Rt Hon Theresa May MP
People in England and Wales will have greater control over alcohol licensing decisions as the coalition government ‘moves to reclaim high streets for sensible law abiding drinkers’.
This is the claim made by Theresa May, the Home Secretary, in relation to the Police Reform and Social Responsibility Bill which will give councils new powers to stop premises selling alcohol late at night and punish those that persistently sell alcohol to children, with fines of up to £20,000.
The new legislation will allow everyone to comment on individual licensing applications, in contrast to the original 2003 Licensing Act which restricted the right to object to those living ‘in the vicinity’ of a particular licensed premises. This was one of the most disliked features of the Labour Government’s Licensing Act, because people’s lives could be adversely affected by licensing decisions even if they did not live ‘in the vicinity’ - if, for example, they lived along the route in and out of the entertainment area of their town or city. The new legislation will also allow, for the first time, the impact of licensing on public health to be taken into account when granting licences, a reform for which the public health lobby has been campaigning since the implementation of the 2003 Act.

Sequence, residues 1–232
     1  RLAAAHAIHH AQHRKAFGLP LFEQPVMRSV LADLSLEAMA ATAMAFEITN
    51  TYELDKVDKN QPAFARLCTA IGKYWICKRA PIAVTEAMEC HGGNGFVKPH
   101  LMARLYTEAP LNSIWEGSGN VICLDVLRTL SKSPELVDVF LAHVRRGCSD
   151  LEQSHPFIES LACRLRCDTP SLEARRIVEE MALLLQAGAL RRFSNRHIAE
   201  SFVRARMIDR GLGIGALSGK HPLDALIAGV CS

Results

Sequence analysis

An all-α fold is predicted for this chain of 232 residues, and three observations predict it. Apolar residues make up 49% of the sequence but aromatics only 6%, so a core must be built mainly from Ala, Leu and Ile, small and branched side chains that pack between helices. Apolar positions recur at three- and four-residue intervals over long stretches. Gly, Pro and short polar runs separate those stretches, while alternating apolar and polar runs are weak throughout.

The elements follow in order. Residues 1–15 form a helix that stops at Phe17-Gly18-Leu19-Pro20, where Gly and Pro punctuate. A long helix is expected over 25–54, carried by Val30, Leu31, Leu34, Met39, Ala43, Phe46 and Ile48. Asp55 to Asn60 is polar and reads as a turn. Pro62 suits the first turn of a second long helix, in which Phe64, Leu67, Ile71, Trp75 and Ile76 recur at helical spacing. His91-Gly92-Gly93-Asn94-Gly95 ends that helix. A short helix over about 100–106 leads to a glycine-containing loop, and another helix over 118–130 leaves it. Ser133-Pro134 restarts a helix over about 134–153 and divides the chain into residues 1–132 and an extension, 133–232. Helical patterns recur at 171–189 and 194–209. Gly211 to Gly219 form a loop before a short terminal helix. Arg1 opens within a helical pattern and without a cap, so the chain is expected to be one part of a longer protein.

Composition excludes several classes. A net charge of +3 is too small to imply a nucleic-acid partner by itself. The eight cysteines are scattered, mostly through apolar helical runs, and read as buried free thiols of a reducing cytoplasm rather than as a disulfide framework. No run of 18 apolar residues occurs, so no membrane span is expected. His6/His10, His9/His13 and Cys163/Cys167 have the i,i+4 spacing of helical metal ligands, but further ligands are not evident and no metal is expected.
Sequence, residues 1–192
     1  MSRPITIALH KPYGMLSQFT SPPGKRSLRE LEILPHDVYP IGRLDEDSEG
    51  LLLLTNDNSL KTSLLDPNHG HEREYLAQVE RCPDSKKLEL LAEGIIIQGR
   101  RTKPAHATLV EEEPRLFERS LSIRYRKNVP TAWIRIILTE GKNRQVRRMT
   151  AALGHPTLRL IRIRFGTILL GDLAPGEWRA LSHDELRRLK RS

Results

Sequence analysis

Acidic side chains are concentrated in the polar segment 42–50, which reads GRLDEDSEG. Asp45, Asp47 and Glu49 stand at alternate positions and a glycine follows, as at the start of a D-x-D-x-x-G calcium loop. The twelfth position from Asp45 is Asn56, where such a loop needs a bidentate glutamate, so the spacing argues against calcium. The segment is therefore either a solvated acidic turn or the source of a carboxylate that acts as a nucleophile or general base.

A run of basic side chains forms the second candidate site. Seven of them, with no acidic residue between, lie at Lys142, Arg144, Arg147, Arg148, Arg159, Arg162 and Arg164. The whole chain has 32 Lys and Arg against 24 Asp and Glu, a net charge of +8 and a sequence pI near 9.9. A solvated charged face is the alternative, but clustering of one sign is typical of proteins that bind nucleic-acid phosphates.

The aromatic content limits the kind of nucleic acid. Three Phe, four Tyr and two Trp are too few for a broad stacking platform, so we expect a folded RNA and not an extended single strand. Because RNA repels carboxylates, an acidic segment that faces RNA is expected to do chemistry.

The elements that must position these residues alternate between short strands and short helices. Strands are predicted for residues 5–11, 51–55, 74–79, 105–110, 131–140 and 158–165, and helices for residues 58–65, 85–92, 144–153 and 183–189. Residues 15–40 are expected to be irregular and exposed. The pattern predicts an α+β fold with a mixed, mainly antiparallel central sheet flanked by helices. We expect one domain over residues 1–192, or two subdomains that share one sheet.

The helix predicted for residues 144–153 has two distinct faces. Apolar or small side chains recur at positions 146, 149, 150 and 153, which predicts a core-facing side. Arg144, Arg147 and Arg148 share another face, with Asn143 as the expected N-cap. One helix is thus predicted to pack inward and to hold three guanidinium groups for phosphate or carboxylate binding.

Drunkenness and violence
Announcing the reforms, Minister for Crime Prevention, James Brokenshire, said: “The introduction of 24 hour licensing promised a continental-style ‘café-culture’ which has not materialised - instead we see drunkenness, violence and anti-social behaviour and too many of our town and city centres are now considered ‘no go’ areas. We’re not saying every pub and club is a problem, we know it’s only a minority that drive crime and disorder. But it’s now time that local communities are put in charge and allowed to reclaim our high streets for sensible law-abiding drinkers. This package of measures will reverse the failed experiment that was the relaxation of the licensing act and ensure local people have the power to make their pub and local high street a place they want to visit.”
The Bill also includes measures to allow councils to:
The Home Secretary also outlined a package of measures to reduce alcohol related crime and disorder.
In 2009 almost one million violent crimes were alcoholrelated, and one-fifth of all violent incidents took place in or around a pub or club.